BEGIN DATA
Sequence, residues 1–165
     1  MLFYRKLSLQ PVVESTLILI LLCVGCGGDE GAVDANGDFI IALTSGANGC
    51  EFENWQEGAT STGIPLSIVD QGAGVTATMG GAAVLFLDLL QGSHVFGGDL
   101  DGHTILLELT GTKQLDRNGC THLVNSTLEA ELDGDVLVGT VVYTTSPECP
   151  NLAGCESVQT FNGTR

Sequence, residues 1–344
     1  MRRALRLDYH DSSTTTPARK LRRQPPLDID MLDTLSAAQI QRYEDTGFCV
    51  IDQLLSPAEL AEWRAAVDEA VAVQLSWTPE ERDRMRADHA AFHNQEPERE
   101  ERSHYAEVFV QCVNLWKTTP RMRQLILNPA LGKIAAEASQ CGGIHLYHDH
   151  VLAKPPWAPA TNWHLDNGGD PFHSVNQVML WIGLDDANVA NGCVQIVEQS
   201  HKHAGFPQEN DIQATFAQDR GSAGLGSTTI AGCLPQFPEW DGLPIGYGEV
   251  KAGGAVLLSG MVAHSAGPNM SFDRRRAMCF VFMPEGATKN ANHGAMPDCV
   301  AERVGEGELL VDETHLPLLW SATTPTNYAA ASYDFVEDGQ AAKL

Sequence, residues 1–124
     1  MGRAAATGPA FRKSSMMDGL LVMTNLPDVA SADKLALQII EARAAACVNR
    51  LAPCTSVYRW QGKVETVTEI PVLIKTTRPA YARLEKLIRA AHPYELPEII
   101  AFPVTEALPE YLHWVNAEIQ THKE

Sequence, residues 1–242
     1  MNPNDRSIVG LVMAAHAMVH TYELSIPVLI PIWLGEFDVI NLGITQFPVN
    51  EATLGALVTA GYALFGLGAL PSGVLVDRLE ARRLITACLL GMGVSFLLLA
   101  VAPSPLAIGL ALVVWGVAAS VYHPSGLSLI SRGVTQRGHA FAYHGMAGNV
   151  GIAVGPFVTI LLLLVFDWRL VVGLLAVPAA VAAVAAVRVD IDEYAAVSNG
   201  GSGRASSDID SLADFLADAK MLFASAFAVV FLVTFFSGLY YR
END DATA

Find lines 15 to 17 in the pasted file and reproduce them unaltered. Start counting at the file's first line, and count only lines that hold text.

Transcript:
     1  MGRAAATGPA FRKSSMMDGL LVMTNLPDVA SADKLALQII EARAAACVNR
    51  LAPCTSVYRW QGKVETVTEI PVLIKTTRPA YARLEKLIRA AHPYELPEII
   101  AFPVTEALPE YLHWVNAEIQ THKE